3 Mets contracts we were happy to see end, 2 still on the books we want to finish

New York Mets
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The New York Mets have had a history of handing out bad free agent contracts, which contributed to a narrative of decades of dysfunction in the organization, specifically tied in to the Wilpons' meddling in baseball operations for years.

Every generation of Mets fans lived through some bad contracts, but there are five contracts that come to mind as those in which fans became restless and couldn't wait to see the last of those bad contracts come off the books.

1) Bad NY Mets contract: George Foster was the team's first big free agent addition, but he flamed out early

The Mets entered the 1982 season coming off it's fifth straight losing season following the disastrous trade that shipped Tom Seaver out of Flushing in 1977 and they were in desparate need of an established star player. The team seeked to acquire 33-year old outfielder George Foster in a trade with the Cincinnati Reds. Foster was the left fielder for the Reds during their glory years in the 1970s with the Big Red Machine. He was named National League MVP in 1977, and was named to five All-Star teams from 1976 to 1981.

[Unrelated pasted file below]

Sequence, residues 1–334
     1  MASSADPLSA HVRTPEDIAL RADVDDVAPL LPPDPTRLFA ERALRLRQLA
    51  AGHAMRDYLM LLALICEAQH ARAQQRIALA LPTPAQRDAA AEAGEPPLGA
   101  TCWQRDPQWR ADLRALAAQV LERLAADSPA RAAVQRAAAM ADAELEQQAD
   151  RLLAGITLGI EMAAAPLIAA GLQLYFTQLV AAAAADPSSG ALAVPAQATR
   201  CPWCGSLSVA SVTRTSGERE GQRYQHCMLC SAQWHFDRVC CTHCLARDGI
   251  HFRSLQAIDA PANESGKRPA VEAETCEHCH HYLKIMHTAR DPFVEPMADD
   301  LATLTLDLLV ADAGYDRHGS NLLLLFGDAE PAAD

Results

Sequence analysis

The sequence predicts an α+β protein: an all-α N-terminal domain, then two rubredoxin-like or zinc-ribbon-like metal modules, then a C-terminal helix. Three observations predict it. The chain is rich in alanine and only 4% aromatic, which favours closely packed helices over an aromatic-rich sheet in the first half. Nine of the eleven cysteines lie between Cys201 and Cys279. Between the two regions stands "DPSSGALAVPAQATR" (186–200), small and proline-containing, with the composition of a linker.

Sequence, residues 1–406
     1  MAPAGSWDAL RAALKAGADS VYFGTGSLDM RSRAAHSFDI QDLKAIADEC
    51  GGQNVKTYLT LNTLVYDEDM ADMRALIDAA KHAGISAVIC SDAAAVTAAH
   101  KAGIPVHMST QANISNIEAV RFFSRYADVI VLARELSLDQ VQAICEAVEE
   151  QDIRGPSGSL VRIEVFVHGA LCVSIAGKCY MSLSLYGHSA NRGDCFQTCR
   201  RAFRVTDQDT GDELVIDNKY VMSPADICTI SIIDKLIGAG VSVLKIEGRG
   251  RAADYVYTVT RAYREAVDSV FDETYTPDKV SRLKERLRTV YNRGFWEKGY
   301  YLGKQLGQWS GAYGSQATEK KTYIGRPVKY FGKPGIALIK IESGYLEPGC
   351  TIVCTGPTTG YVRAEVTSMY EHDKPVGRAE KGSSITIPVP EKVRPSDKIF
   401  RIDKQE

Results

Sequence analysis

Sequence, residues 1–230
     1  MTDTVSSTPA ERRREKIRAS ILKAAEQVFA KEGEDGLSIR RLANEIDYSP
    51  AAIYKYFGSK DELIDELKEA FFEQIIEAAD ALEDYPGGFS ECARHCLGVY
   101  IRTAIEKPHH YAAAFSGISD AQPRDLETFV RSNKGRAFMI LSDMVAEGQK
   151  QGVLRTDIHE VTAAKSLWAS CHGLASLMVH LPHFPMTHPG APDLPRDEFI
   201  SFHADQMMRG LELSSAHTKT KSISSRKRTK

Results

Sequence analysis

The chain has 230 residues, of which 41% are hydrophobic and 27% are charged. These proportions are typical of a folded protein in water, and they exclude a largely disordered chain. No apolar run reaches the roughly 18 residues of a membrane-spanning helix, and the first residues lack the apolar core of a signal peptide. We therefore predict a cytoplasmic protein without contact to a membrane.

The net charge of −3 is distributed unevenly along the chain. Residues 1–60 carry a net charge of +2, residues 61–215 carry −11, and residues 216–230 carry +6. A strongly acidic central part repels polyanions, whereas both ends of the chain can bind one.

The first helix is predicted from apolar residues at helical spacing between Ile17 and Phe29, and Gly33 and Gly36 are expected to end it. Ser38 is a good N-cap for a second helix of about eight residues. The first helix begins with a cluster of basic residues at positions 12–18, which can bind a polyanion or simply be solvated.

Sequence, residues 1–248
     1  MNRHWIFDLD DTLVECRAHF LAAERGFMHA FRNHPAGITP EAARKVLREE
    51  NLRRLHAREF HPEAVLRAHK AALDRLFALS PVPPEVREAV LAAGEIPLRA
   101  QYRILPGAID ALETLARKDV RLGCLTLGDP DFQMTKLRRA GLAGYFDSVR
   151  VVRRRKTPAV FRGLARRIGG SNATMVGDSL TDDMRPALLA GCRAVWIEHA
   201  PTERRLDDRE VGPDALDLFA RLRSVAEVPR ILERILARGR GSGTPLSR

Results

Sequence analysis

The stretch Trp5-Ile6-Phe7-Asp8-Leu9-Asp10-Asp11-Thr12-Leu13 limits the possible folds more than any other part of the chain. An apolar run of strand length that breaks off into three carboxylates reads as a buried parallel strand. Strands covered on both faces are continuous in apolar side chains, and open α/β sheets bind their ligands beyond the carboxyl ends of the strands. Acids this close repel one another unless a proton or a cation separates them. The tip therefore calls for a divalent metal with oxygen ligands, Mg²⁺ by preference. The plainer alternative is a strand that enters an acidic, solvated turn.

However, Foster wouldn't agree to go to the Mets unless he received a five-year contract. And that's exactly what the Mets did, sending Greg Harris, Jim Kern, and Alex Trevino to the Reds in exchange for Foster's services in February 1982, in which Foster would receive $10 million over the five years.

But Foster seldom lived up to the lofty expectations in Flushing, both on and off the field. He batted just .252 with 99 home runs and never made the All-Star team as a Met and didn't fit in to the culture they were trying to establish. He never really got along with skipper Davey Johnson, and accused the team of racism when he was released in August 1986. But that accusation fell flat as the Mets replaced him as an everyday player with a rising Black star and future MVP in Kevin Mitchell, who played a role that fall for the Mets in winning the World Series.

At the time of the sign and trade in 1982, Foster's contract was the second largest in baseball history (behind Dave Winfield's $23 million deal he signed with the Yankees prior to the 1981 season. Although Foster's OPS+ as a Met was 103, it never felt enough to justify the money the team gave him.

At the time of his release in 1986, Foster had the highest salary in the league at $2.8 million, and the fans couldn't wait to allocate those funds elsewhere for 1987 and later.